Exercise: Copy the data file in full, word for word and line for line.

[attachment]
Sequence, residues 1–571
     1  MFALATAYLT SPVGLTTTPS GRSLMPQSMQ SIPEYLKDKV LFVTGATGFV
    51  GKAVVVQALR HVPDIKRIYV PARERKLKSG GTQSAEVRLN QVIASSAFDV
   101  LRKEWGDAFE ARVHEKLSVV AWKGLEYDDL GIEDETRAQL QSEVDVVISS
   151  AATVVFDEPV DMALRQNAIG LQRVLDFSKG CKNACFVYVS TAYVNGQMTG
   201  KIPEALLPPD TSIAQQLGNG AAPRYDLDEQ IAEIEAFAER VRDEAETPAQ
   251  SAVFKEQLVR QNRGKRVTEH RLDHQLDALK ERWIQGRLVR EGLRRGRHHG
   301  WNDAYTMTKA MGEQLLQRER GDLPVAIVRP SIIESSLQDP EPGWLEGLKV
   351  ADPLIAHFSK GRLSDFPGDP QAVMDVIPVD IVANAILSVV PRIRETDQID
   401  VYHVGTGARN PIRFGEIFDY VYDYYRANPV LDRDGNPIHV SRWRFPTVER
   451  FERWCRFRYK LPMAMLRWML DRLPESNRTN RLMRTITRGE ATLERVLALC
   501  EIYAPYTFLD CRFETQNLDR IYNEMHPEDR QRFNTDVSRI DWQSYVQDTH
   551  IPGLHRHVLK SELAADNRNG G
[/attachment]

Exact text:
Sequence, residues 1–571
     1  MFALATAYLT SPVGLTTTPS GRSLMPQSMQ SIPEYLKDKV LFVTGATGFV
    51  GKAVVVQALR HVPDIKRIYV PARERKLKSG GTQSAEVRLN QVIASSAFDV
   101  LRKEWGDAFE ARVHEKLSVV AWKGLEYDDL GIEDETRAQL QSEVDVVISS
   151  AATVVFDEPV DMALRQNAIG LQRVLDFSKG CKNACFVYVS TAYVNGQMTG
   201  KIPEALLPPD TSIAQQLGNG AAPRYDLDEQ IAEIEAFAER VRDEAETPAQ
   251  SAVFKEQLVR QNRGKRVTEH RLDHQLDALK ERWIQGRLVR EGLRRGRHHG
   301  WNDAYTMTKA MGEQLLQRER GDLPVAIVRP SIIESSLQDP EPGWLEGLKV
   351  ADPLIAHFSK GRLSDFPGDP QAVMDVIPVD IVANAILSVV PRIRETDQID
   401  VYHVGTGARN PIRFGEIFDY VYDYYRANPV LDRDGNPIHV SRWRFPTVER
   451  FERWCRFRYK LPMAMLRWML DRLPESNRTN RLMRTITRGE ATLERVLALC
   501  EIYAPYTFLD CRFETQNLDR IYNEMHPEDR QRFNTDVSRI DWQSYVQDTH
   551  IPGLHRHVLK SELAADNRNG G